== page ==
Grape hyacinths. Photograph: Anne Green-Armytage/Gap Photos
You’ve ripped out summer bedding and consigned petunias and lobelias to the compost heap, but don’t just stack those pots in a corner until spring. Follow these tips to get the most out of them this winter.
Revitalise old compost
Accepted wisdom was always that the spent compost left over when summer containers fade is useless stuff and should be disposed of, until a trial by Which? Gardening found that this is nonsense: the only thing old compost is missing is nutrients. A low-nutrient compost is ideal for winter anyway, as slow, tough growth is better able to withstand the weather. Tip out old compost on to a piece of tarpaulin, spread it out so the birds can pick through any slug eggs, and then mix with a little fresh compost. Good as new.
Plant winter bedding
Winter bedding can be as colourful as summer bedding. Head to the garden centre and you will find trays of violas, bedding daisies (Bellis perennis), primroses and cyclamen. Buy lots and stuff them into your pots: they want to be close together as they won’t grow much. Fill around them with winter foliage plants such as silvery cineraria, trailing ivies and little box plants.
Plant tulips and wallflowers
Tulips and wallflowers are a council bedding scheme staple, but they make a great addition to a nice little terracotta pot outside your front door. The pairing is popular because it works: the small, bright flowers of the wallflowers providing a foil for the more solid and glamorous tulips to pop through. Buy both now: wallflowers as straggly looking bare-root plants from garden centres, and tulips as bulbs. Avoid mixed-coloured wallflowers such as ‘Persian Carpet’ and go for one strong colour such as ‘Blood Red’, ‘Giant Pink’, or ‘Orange Bedder’, then choose late-flowering tulips to pair with them such as dark purple ‘Queen of Night’, white ‘Alabaster’ or red ‘Kingsblood’. Pack into a pot together, water and wait for spring.
Grow dwarf broad beans
You can sow broad beans all through winter and into spring during mild spells, and they are happy in a container as long as you choose a dwarf variety and a big pot. ‘The Sutton’ is the most compact variety, and best here. Sow direct, five or six inches apart and keep just moist.
Take mint cuttings for the windowsill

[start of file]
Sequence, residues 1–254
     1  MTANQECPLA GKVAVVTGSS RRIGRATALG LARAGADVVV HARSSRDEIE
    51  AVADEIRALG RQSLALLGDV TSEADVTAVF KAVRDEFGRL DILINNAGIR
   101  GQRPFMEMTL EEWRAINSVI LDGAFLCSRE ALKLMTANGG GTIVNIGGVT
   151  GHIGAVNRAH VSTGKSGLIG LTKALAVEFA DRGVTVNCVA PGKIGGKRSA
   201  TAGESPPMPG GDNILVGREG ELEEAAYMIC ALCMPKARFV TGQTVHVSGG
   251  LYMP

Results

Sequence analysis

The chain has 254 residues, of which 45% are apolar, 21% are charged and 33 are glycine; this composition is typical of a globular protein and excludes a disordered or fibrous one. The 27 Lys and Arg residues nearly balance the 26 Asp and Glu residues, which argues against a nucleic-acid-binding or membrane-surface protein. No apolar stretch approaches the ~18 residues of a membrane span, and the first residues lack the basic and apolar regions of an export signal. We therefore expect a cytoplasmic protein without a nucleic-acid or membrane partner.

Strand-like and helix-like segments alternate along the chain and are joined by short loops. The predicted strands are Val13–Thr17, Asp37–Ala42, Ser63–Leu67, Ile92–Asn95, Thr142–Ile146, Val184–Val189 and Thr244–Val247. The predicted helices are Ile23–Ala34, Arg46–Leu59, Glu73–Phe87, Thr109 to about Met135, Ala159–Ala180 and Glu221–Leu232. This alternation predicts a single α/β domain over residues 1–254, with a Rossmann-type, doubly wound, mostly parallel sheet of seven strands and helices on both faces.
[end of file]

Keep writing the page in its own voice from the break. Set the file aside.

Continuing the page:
If you have mint plants in pots, the top growth will have died down by now. Breathe some winter life into the plant by tipping it out of its pot and snipping a couple of lengths of the white root circling the perimeter. Take a few pieces, each a couple of inches long, and then lay them on the surface of a small pot of compost. Cover with a little more compost. Water and place indoors on a sunny windowsill and you will soon have mint to pick all winter.
Grow pea shoots
Peas are tough guys and happy to be sown in cool weather. In a pot, you have two choices: sow a dwarf type now, such as ‘Meteor’, for early peas next spring, or sow a normal, vigorous type for winter pea shoots. Pea shoots are the foliage of the pea plant, cut while the plant is small and eaten as a salad leaf, with an intense pea flavour. Sow thickly across the surface of the pot, cover with compost, water and keep in a sheltered, sunny spot; start cutting once the shoots are a few inches high.
Garlic is one of the most compact crops and is perfectly happy in a pot. Buy from the garden centre or a good supplier such as mammothonion.co.uk, break up the bulb and plant the cloves just under the surface of the soil, around 4-5 inches apart. Shoots will appear shortly. Keep watered over winter and the new bulbs will be ready next summer.
Pot up hyacinths
Prepared hyacinths are in the garden centre now. Plant them somewhere cool for 10 weeks before bringing them indoors to flower. If you find the scent a little overwhelming for the house, do the same but place the ready-to-flower pot on the doorstep to give slightly more understated wafts of pure springtime.
Plant winter perennial colour
It’s not only cheap, throwaway bedding plants that can bring winter colour to a container. Plant a pot of winter perennials and you will have something pretty to look at all winter, every year. Choose from colourful-stemmed dogwoods, hellebores, heathers, the black-leaved grass Ophiopogon planiscapus ‘Nigrescens’ and the golden-leaved grass Acorus gramineus.
Protect from the weather
Winter brings hazards for pots: wet weather can make them permanently soggy and rot roots; soil can swell when frozen, cracking terracotta and depriving the plants within them of moisture; and high winds can blow pots over. Place all pots on a trio of pot feet to lift them off the ground slightly and allow for good drainage, and huddle plants together to help keep them upright and create a microclimate that prevents them from freezing solid.